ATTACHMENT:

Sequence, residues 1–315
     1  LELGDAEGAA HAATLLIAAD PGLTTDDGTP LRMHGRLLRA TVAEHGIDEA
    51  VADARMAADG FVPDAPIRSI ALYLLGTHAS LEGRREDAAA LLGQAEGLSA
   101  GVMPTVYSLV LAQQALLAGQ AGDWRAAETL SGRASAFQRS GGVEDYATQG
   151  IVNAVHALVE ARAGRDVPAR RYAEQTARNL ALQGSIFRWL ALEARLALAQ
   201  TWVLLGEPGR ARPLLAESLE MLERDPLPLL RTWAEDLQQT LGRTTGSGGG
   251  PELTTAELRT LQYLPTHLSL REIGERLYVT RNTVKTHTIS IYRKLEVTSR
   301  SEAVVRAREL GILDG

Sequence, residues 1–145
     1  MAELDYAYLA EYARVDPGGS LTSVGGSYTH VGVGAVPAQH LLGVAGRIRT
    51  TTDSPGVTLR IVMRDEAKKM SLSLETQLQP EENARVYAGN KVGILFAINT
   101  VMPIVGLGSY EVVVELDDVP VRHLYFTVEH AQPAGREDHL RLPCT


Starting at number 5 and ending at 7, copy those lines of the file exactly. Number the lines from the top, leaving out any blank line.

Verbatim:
   151  IVNAVHALVE ARAGRDVPAR RYAEQTARNL ALQGSIFRWL ALEARLALAQ
   201  TWVLLGEPGR ARPLLAESLE MLERDPLPLL RTWAEDLQQT LGRTTGSGGG
   251  PELTTAELRT LQYLPTHLSL REIGERLYVT RNTVKTHTIS IYRKLEVTSR